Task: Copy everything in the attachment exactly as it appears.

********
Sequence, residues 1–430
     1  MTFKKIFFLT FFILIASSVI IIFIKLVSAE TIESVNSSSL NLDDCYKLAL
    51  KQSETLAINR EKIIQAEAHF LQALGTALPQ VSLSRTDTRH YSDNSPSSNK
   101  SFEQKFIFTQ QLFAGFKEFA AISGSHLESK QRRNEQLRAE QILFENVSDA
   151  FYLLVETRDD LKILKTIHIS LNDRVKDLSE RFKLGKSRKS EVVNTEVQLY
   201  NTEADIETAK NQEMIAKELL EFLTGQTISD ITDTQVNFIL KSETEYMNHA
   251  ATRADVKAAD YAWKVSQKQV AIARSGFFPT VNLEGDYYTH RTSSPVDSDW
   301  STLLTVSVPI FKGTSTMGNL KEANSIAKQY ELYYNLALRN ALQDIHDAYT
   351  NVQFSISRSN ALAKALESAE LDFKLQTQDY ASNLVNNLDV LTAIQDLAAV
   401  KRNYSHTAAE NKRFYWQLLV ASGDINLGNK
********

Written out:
Sequence, residues 1–430
     1  MTFKKIFFLT FFILIASSVI IIFIKLVSAE TIESVNSSSL NLDDCYKLAL
    51  KQSETLAINR EKIIQAEAHF LQALGTALPQ VSLSRTDTRH YSDNSPSSNK
   101  SFEQKFIFTQ QLFAGFKEFA AISGSHLESK QRRNEQLRAE QILFENVSDA
   151  FYLLVETRDD LKILKTIHIS LNDRVKDLSE RFKLGKSRKS EVVNTEVQLY
   201  NTEADIETAK NQEMIAKELL EFLTGQTISD ITDTQVNFIL KSETEYMNHA
   251  ATRADVKAAD YAWKVSQKQV AIARSGFFPT VNLEGDYYTH RTSSPVDSDW
   301  STLLTVSVPI FKGTSTMGNL KEANSIAKQY ELYYNLALRN ALQDIHDAYT
   351  NVQFSISRSN ALAKALESAE LDFKLQTQDY ASNLVNNLDV LTAIQDLAAV
   401  KRNYSHTAAE NKRFYWQLLV ASGDINLGNK